Abby Leon, Paradigm Gallery Director
Fall has arrived: pumpkin spice is everywhere you turn (literally everywhere), apple cider is calling our names, and the weather has cooled. All of which means it is time to break out our warmer wears to accessorize with our favorite scarves! Another anticipated part of the season is the mesmerizing color changing of the leaves. Nature really is astonishing! Most of the leaves have already started to fall from the trees, but luckily artist Amy Gunderson has preserved them into her textile art, creating silk wraps that are as attractive as they are intriguing! In this post, Amy will share the process of eco-dyeing – a technique that uses plants and steam to produce a print. She is also experienced in various other fiber techniques, all of which are on display in the Paradigm Gallery at FWMoA.
“I grew up in Fort Wayne and now reside in Indianapolis. I began knitting 20 years ago, then discovered hand-dyeing and eco-dyeing fibers, shibori, and nuno felting. There is something magical about starting with undyed silk and wool and transforming the fabric into something vibrant and beautiful to wear.
I have always loved walking in the woods, watching the leaves change, and the change of seasons. The shapes, colors, textures, and patterns in nature are where I draw my inspiration from. This time of year is my favorite time for gathering leaves to use in my eco print work. I gather leaves while taking walks around my neighborhood with my husband and two kids and tending my flower beds. The leaves all have different shapes which can lend to interesting compositions, and depending on the time of year, will cast different colors on to the cloth. Come along on a walk, gather leaves, and enjoy what nature can create.”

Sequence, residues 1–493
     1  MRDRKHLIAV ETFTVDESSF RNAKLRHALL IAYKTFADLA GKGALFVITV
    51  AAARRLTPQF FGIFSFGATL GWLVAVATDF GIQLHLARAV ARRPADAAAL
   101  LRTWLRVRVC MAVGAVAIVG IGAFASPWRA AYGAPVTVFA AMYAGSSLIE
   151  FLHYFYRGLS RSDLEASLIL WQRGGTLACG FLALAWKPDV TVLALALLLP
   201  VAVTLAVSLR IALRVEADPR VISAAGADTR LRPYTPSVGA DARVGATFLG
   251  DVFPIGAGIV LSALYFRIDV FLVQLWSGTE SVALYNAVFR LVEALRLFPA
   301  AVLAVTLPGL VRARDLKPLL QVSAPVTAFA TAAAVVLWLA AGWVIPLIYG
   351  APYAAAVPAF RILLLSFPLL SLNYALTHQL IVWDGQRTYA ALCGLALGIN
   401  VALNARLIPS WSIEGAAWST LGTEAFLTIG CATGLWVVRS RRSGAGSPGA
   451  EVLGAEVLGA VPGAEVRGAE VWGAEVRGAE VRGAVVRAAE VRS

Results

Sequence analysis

To begin, I collect fallen leaves. I look for ones with interesting shapes and different sizes. I then soak them in warm water with just a bit of iron, this softens the leaves and makes them easier to roll and release their color.
Working on a large table, I stretch and smooth the silk. I lay the leaves on top of the silk. Then I mix and apply the dye.
Once the dye is applied, I roll the scarf up as tight as I can. The compression is very important to create a clear and definitive print. I then wrap the bundle with string very tightly and bend it so that it can fit in my kettle. I put my bundles in a large kettle and steam cook them for two hours.
After the scarves have steamed for 2 hours, I let them rest overnight to cool. The most exciting part of the process is unrolling the bundles. You just never know what colors the leaves are going to reveal on the silk. There is always something unexpected, which makes it so much fun. I hand wash and press the scarves, then they are ready to wear. Once I discovered this process, I never looked at leaves and trees the same. It is exciting to watch the trees bud out in the spring and wonder what they will reveal.
Amy Gunderson’s scarves are wearable masterpieces, and they are flying off our hangers! To see Amy’s eco-dyed scarves in person, or more of her artwork, come visit us at the Paradigm Gallery Tuesday-Saturday 10am-6pm; Thursday 10am-8pm; Sunday 12pm-5pm.